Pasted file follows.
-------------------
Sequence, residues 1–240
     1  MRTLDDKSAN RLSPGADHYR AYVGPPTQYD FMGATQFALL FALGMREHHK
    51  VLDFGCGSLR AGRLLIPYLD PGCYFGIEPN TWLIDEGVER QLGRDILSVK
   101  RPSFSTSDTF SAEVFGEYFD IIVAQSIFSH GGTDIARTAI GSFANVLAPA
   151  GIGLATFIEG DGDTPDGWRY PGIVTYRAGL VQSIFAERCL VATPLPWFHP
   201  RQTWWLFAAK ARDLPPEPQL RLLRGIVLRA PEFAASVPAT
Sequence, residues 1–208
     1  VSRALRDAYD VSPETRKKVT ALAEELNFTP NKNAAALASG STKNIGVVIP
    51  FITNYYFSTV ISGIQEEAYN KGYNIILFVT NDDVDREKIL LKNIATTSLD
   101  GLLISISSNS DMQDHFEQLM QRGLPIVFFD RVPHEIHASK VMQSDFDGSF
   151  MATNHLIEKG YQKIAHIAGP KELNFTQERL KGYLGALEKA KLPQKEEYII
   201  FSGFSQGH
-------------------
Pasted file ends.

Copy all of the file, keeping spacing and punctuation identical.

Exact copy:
Sequence, residues 1–240
     1  MRTLDDKSAN RLSPGADHYR AYVGPPTQYD FMGATQFALL FALGMREHHK
    51  VLDFGCGSLR AGRLLIPYLD PGCYFGIEPN TWLIDEGVER QLGRDILSVK
   101  RPSFSTSDTF SAEVFGEYFD IIVAQSIFSH GGTDIARTAI GSFANVLAPA
   151  GIGLATFIEG DGDTPDGWRY PGIVTYRAGL VQSIFAERCL VATPLPWFHP
   201  RQTWWLFAAK ARDLPPEPQL RLLRGIVLRA PEFAASVPAT
Sequence, residues 1–208
     1  VSRALRDAYD VSPETRKKVT ALAEELNFTP NKNAAALASG STKNIGVVIP
    51  FITNYYFSTV ISGIQEEAYN KGYNIILFVT NDDVDREKIL LKNIATTSLD
   101  GLLISISSNS DMQDHFEQLM QRGLPIVFFD RVPHEIHASK VMQSDFDGSF
   151  MATNHLIEKG YQKIAHIAGP KELNFTQERL KGYLGALEKA KLPQKEEYII
   201  FSGFSQGH